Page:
Saturday, February 20, 2010

Being Present

I am with my kids for 12 hours a day. Yes, you read that right. From sun up to sun down, I am with them and they are with me. But recently I realized that even though I am physically present with them for the majority of my waking hours, and ALL of theirs, much of the time I am not really with them. It's the same with my husband. Him I see a lot less, but still much of the time I spend in his presence is time physically near him, but not really with him.

I want to get rid of all of the junk in my life that is crowding in and sucking up the precious time I have with my family. Not the special days of vacations, the beach or Disneyland, but the ordinary, every day days when the most exciting thing on my agenda is a rousing game of Candyland and a peanut butter sandwhich at noon. Often I think this time isn't precious, isn't important, and won't be remembered by my kids or me in another minute, let alone another day. But that just isn't true.

Those small moments when Miss O asks me to read to her and I am in the middle of an important email or am engrossed in a blog post add up, and the way I respond means something to her. When I stop, fold her little toddler body in my arms and read that book one more time, I am loving her more than words could ever express, and I am showing her that I want to be in her presence, that I bask in it, thrive on it, and can't wait to be a part of it.

It's the same with my husband. When he interrupts me as I am on the last page of a novel to tell me more of the same work-related stories, I have a choice. Will I choose to be present in his life, and show him how much I want to hear his stories (even if I don't), or will I choose to pay minimal attention to his story hoping he'll take the hint and let me return to my all important book? I cringe when I think about the hundreds of times I have let him down by not showing enough interest in him, by showing too much interest in my own pursuits, by prefering to relax at the end of a long day, by putting him off. And I wonder, though it seems like it means nothing to him at the time, really, how long can a person be treated this way before waking up one day and realizing that they are terribly hurt and that the hurt is deep enough that a great chasm has come up between us that cannot be crossed?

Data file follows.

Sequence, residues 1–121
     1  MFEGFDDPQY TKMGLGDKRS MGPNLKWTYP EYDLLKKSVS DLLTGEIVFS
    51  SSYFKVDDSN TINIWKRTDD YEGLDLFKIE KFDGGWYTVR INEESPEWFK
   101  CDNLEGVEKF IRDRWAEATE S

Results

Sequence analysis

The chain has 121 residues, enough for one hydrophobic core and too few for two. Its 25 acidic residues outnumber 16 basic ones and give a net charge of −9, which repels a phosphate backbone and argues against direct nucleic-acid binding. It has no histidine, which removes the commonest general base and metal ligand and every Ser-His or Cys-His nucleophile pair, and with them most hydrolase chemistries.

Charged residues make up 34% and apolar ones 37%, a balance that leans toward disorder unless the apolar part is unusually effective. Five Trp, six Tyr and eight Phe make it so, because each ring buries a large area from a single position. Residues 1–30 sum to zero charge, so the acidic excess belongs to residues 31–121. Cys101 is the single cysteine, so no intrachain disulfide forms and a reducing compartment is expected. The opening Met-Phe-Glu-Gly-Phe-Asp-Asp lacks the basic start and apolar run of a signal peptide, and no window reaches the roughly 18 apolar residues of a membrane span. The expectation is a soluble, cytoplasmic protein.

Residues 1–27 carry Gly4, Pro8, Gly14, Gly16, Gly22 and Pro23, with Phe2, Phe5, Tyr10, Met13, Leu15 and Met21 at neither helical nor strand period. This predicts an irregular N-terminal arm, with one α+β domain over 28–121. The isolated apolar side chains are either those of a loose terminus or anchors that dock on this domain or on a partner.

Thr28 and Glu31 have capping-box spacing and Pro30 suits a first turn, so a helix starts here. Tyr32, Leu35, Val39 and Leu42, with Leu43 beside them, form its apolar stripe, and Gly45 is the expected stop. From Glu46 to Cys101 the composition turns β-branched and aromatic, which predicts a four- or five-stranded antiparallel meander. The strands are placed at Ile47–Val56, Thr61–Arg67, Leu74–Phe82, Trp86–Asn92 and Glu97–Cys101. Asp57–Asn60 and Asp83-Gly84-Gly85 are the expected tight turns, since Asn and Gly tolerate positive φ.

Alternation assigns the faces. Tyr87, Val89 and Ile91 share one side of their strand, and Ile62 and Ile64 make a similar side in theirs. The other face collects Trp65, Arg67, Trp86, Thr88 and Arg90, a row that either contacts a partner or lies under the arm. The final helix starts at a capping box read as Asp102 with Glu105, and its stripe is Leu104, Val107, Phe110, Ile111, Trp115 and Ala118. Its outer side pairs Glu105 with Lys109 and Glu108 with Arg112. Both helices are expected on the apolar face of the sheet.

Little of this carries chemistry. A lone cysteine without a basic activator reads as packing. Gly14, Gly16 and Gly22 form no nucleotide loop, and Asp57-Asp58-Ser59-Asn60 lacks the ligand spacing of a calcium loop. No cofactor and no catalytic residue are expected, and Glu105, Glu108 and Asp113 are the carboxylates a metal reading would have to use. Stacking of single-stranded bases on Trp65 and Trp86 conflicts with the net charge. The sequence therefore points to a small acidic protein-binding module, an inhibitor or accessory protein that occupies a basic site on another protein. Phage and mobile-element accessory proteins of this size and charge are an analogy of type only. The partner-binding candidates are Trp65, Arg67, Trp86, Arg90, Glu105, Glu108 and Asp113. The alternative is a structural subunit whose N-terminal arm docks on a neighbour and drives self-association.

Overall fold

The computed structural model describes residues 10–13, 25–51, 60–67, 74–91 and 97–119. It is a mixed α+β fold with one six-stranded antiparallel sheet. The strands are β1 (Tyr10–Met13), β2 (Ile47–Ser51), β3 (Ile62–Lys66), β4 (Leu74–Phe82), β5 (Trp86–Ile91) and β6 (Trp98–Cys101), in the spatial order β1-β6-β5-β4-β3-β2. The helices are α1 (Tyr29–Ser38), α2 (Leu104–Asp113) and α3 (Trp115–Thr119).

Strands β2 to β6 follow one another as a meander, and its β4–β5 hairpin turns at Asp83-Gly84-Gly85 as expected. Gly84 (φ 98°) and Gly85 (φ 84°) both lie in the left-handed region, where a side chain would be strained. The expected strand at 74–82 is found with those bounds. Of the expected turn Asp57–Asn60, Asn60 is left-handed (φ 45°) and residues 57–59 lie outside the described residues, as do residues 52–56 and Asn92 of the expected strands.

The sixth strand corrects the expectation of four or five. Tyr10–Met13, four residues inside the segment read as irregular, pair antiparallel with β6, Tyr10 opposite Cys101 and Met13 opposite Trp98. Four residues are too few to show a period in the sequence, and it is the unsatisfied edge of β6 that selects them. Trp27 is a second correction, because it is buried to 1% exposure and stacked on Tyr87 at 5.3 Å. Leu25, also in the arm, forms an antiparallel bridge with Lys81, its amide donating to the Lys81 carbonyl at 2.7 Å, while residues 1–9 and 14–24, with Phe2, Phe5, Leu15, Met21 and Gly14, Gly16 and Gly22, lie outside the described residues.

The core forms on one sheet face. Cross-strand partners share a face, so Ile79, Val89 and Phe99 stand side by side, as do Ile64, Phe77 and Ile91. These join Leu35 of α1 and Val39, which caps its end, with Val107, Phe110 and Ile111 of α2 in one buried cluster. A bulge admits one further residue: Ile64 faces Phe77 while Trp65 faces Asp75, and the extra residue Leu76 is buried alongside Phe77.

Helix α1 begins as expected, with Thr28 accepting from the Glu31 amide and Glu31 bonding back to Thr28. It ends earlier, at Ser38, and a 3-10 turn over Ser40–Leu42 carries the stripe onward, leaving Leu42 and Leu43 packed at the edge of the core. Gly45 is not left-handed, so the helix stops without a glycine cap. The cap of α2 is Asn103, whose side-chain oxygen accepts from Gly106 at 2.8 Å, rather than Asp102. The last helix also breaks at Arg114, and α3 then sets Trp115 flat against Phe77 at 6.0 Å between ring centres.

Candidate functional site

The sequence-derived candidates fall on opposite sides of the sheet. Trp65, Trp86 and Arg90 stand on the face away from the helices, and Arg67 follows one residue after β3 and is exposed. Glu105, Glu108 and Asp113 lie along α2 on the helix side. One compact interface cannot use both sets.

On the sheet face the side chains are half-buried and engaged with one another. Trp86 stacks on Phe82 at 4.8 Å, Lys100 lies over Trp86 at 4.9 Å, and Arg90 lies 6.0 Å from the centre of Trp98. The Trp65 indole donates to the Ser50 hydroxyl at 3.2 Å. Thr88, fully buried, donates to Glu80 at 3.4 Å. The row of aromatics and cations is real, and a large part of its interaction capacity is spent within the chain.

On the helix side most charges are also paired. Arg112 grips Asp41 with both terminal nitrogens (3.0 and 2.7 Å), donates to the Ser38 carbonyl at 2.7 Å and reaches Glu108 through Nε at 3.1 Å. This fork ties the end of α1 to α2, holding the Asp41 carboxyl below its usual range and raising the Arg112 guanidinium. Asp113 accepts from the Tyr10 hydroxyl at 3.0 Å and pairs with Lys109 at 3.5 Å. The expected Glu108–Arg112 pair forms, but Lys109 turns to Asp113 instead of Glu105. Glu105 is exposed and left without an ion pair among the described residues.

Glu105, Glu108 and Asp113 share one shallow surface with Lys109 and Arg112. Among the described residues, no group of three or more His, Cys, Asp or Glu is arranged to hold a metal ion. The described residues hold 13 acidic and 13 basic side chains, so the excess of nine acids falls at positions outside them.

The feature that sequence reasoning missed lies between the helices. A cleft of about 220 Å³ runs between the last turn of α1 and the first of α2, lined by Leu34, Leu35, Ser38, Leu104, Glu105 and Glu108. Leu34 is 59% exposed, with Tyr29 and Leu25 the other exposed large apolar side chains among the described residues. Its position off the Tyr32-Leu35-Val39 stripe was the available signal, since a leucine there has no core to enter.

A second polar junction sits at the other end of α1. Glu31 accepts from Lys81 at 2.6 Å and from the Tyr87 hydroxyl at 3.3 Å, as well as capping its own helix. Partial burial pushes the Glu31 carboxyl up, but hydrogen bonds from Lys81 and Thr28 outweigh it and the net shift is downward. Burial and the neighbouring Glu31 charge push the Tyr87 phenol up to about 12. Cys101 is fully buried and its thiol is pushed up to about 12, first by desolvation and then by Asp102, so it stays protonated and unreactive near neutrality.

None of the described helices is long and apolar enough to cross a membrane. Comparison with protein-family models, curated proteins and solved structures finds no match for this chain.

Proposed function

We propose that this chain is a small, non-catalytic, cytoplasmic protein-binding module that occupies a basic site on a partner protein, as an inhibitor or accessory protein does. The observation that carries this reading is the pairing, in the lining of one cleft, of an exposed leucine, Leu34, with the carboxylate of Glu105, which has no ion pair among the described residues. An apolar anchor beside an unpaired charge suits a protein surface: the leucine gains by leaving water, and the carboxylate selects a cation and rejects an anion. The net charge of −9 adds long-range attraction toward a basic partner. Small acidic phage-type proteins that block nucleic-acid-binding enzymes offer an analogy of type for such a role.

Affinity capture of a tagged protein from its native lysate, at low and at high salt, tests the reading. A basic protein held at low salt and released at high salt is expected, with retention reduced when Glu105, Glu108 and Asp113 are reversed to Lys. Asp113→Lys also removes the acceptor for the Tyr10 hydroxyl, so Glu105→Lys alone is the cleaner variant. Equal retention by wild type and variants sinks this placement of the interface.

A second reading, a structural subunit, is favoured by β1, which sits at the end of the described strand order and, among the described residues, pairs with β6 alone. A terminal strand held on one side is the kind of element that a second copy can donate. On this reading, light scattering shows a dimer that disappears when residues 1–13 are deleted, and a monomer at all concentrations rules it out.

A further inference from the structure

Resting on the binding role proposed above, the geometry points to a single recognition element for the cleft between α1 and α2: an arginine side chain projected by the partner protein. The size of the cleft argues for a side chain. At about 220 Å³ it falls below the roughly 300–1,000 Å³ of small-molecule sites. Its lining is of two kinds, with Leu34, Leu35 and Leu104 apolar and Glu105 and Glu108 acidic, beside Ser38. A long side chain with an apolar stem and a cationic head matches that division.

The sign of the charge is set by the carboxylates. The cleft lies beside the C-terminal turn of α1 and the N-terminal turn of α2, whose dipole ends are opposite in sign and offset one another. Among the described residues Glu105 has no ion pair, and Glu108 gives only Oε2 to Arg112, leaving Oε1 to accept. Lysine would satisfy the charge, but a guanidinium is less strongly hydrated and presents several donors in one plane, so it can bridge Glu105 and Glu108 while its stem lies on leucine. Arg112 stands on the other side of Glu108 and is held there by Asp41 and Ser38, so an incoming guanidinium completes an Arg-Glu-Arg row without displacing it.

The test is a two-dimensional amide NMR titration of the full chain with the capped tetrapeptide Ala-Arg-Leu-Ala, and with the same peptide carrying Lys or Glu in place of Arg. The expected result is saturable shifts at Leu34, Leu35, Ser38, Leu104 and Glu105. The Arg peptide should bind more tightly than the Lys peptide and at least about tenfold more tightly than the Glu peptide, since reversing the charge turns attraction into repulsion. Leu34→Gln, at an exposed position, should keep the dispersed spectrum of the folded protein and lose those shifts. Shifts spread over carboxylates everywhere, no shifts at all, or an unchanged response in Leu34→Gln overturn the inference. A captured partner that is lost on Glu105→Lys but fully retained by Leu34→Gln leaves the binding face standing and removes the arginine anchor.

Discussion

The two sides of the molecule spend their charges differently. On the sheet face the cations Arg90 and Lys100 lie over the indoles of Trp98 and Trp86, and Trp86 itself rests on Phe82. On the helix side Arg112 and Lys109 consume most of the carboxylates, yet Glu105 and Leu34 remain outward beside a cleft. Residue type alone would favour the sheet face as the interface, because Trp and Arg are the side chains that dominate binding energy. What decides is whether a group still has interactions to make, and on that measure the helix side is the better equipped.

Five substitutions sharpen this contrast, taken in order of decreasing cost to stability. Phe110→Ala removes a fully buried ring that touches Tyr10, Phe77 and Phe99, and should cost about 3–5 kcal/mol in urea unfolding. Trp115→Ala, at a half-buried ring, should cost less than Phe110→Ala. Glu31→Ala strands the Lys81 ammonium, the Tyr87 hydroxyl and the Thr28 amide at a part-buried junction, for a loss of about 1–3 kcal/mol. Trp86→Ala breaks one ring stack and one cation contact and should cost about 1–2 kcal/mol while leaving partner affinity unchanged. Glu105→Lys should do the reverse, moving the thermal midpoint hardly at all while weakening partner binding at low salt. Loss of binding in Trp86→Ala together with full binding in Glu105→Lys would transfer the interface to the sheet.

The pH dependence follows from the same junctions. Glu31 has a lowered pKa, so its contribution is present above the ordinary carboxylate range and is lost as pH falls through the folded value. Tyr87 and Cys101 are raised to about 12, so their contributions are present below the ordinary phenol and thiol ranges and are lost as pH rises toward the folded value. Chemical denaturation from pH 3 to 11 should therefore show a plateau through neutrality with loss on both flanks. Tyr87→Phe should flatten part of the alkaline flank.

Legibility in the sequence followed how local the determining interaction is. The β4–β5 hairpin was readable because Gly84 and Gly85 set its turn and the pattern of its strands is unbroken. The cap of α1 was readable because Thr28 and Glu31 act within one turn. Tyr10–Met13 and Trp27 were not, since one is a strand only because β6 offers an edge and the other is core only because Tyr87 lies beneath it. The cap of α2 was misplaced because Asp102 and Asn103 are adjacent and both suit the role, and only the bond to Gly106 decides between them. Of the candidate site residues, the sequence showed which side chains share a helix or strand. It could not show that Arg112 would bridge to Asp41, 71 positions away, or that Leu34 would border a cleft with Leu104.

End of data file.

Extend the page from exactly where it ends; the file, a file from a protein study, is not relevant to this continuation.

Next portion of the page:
I don't want to create chasms. I never have wanted to. But my actions sometimes tell a different story. I want to be present, I want to show love, I want to shove away all the "important" things that I have grown to love, and begin to be present so much more in the lives of my family members. After all, without them, there wouldn't really be much of anything truly important in my life.

8 comments:

N said...

This is such a challenge for me too with the kids. It's so hard to be excited each day by putting together blocks or reading the same books over and over. If I'm so bored by it, I figure they must be too. But each time I see K get so excited by finding her favorite blue block or N by finding his favorite monkey in the box, I realize that this IS an exciting world for them at this point. I've been thinking about this a lot lately actually, because I think it's a balance of making the effort to be present for things that just frankly ARE boring (but not to them) and finding things that you genuinely enjoy with them so you don't get burned out. I am on the hunt now for new quality time activities we can do as a family so we can all have more balance between "exciting" days and "rousing game of candyland" days (which in our house translates to "sitting in the playroom investigating the same toys over and over" days). :)

Jen Wells said...

Thanks for sharing this. I face the same choices everyday.

Debbie said...

I think we all struggle with these same issues! Very well stated and I can't agree more!

Cindy said...

Have you ever read any of Eckhart Tolle's books? He is awesome. He talks about how being present is so important. Oprah had a live web class with him a while back. It was great listening to him. Not sure if you can still access it from her site.

Annette W. said...

Thanks for a timely reminder! I can certainly allow the tv (with husband) and the computer with the kids and husband interferre with taking care of the family in those little moments.

Though many of us may experience this, thanks for being open enough to share from your heart.

Jenny said...

I think this is certainly something every mom/wife struggles with. We carry a lot on our plates and at times the choices we make might not be the best...

You put this very nicely...and it is always a good reminder to read/listen how our days should be spent..with those who mean the most!!! :)

Miller Moments said...

Well said!

Steph H said...

I am struggling with this as well -- my 8 year old told me I never play with her. I need to balance mom/caretaker/person better. Thanks for the reminder to stop and take stock of what's really important.

steph h
www.k12.com

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